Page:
Memory distortions and biases as consequences of, and contributors to, (un)healthy eating
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Principal supervisor: Dr Robert Nash
Associate supervisors: Dr Claire Farrow, Dr Jason Thomas

Reducing obesity—especially by promoting healthy eating and discouraging unhealthy eating – is of utmost societal importance, and one of the best predictors of people’s future eating behaviour is their prior eating behaviour. It is therefore clear that understanding the obesity crisis must in part require us to understand the role of memory; that is, how people remember their past experiences of eating. 

We already know that episodic memory plays a crucial role in eating behaviour. However, memory is not like a video-recorder that faithfully captures the past. Instead, it is malleable, and various cognitive and social processes can make memories susceptible to distortions and biases. Frequently, these distortions and biases operate in ways that serve to promote people’s positive sense of self-regard, and prevent them from believing that their prior actions have been undesirable or harmful. It is plausible, then, that eating behaviour may be influenced by systematic distortions of recollections that serve to minimise the apparent need for change. Certainly there is good empirical evidence that distorting people’s memories of eating experiences can influence their subsequent eating choices (Laney & Loftus, 2017; Robinson, Blissett & Higgs, 2012). Yet there is relatively little evidence concerning the extent to which more-routine, systematic biases of memory contribute to eating choices, and concerning the mechanisms by which this influence occurs. As a result, the potential for developing empirically grounded, theory-driven approaches to healthy eating based on experimental memory science remains an under-developed opportunity.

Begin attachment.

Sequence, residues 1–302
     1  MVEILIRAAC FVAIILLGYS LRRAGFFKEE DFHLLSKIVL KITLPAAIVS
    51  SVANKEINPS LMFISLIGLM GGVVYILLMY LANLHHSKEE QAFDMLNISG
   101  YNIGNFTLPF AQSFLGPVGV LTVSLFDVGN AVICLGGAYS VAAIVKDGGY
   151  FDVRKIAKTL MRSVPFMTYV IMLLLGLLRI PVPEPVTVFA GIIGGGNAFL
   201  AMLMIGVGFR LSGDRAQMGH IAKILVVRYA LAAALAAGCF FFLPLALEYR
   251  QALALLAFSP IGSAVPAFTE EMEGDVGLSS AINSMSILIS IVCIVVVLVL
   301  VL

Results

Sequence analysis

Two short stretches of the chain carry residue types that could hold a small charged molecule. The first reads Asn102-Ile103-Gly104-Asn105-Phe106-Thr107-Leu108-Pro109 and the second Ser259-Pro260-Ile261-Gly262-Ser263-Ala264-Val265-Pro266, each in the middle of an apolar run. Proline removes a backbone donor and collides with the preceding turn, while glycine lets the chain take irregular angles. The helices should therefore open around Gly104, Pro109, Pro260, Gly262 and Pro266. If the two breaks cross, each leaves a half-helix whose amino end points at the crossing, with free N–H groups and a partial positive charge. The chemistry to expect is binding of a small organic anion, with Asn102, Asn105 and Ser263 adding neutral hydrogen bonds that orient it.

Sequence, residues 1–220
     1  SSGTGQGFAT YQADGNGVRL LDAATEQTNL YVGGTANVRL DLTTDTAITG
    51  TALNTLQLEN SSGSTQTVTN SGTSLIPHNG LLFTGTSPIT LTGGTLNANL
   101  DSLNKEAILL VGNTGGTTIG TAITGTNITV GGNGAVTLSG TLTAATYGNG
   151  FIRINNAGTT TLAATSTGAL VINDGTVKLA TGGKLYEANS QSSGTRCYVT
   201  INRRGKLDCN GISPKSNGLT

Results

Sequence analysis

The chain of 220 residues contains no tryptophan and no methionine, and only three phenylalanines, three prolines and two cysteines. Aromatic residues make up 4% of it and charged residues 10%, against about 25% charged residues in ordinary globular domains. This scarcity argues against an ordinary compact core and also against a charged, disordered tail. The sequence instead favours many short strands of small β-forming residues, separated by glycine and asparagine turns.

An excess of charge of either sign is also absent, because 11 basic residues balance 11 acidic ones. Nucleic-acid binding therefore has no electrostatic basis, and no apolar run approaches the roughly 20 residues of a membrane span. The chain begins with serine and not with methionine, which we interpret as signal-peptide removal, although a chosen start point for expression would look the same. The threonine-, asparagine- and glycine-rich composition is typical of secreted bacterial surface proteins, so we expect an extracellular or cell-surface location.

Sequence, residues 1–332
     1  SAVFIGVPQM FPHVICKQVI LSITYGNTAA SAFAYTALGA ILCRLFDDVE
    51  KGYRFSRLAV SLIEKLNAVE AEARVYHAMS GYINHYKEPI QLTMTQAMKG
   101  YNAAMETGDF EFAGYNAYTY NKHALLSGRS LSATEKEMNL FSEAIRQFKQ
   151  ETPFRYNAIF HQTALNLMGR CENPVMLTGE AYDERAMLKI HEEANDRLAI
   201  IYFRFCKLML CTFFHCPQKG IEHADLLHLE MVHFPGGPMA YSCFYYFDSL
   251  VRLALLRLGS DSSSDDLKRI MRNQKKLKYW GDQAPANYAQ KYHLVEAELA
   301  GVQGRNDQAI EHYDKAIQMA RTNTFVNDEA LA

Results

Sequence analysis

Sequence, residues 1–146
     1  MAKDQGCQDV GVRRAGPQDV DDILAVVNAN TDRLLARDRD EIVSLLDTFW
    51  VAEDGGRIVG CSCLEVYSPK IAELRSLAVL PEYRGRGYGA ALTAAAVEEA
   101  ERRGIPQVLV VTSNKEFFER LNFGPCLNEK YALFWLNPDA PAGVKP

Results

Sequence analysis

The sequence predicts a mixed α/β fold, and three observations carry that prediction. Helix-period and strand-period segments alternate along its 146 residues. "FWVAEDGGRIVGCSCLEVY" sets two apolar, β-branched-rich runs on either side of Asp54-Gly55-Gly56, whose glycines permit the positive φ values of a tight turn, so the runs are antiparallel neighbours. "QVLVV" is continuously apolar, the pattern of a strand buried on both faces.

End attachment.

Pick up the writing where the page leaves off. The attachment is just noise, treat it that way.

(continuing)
The overarching aims of this PhD will therefore be twofold:

1. To explore biases that shape how people remember their own consumption of healthy and unhealthy foods.